Optimizing the microphone array size for a virtual artificial head

  • Mina Fallahi Institut f¨ur H¨ortechnik und Audiologie, Jade Hochschule Oldenburg, Oldenburg, Germany
  • Matthias Blau Institut f¨ur H¨ortechnik und Audiologie, Jade Hochschule Oldenburg, Oldenburg, Germany
  • Martin Hansen Institut f¨ur H¨ortechnik und Audiologie, Jade Hochschule Oldenburg, Oldenburg, Germany
  • Simon Doclo Department of Medical Physics and Acoustics and Cluster of Excellence Hearing4All, Carl von Ossietzky Universit¨at Oldenburg, Oldenburg, Germany
  • Steven van de Par Department of Medical Physics and Acoustics and Cluster of Excellence Hearing4All, Carl von Ossietzky Universit¨at Oldenburg, Oldenburg, Germany
  • Dirk Püschel Akustik Technologie G¨ottingen, G¨ottingen, Germany

Abstract

As an alternative to traditional artificial heads, individual head-related transfer functions (HRTFs) can be synthesized with a virtual artificial head (VAH) consisting of a multi-microphone array in combination with filter-and-sum signal processing. The accuracy of the synthesis depends, amongst others, on the number of microphones in the array and on its topology (array size and microphone positions). In this study the effect of microphone array size on the synthesis accuracy was investigated. Five simulated microphone arrays of different sizes were used to synthesize individual HRTFs in the horizontal plane. Objective results in terms of spectral distortion and ILD deviation as well as subjective results with 10 participants showed that array size has a major effect and that the synthesis accuracy can be improved by carefully choosing an appropriate array size.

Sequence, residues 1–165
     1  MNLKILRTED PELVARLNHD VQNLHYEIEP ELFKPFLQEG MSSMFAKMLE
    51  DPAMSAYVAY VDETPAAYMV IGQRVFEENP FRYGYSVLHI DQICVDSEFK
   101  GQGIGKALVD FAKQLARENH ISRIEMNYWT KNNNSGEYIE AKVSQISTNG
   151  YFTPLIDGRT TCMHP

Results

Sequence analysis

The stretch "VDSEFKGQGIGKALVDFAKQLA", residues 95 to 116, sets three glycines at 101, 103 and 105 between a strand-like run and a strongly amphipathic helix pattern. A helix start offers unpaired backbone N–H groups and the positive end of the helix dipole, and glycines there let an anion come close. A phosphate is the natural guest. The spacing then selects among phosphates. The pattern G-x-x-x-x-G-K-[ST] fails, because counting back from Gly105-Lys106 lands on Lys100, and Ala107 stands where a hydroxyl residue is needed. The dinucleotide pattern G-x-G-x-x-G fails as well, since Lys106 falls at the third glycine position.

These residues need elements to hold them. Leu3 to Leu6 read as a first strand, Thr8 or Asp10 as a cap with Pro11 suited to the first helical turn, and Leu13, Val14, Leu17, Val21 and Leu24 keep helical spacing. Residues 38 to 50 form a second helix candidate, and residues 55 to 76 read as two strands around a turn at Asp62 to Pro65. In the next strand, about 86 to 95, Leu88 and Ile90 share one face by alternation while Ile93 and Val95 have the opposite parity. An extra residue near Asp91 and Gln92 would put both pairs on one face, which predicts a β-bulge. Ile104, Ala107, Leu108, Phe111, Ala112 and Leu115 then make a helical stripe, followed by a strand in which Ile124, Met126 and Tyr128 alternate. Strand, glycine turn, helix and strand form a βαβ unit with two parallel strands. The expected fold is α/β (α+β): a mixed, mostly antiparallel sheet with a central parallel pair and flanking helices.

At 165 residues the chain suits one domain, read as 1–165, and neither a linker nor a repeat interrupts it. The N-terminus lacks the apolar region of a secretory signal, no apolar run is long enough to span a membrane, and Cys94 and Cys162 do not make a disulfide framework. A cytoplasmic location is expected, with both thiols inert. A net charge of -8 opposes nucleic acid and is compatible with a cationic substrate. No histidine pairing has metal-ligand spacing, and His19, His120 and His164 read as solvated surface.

References

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Published
2018-01-09
How to Cite
FALLAHI, Mina et al. Optimizing the microphone array size for a virtual artificial head. Proceedings of the International Symposium on Auditory and Audiological Research, [S.l.], v. 6, p. 359-366, jan. 2018. ISSN 2596-5522. Available at: <https://proceedings.isaar.eu/index.php/isaarproc/article/view/2017-44>. Date accessed: 25 june 2018.
Section
2017/6. Advances in hearing-instrument features and related effects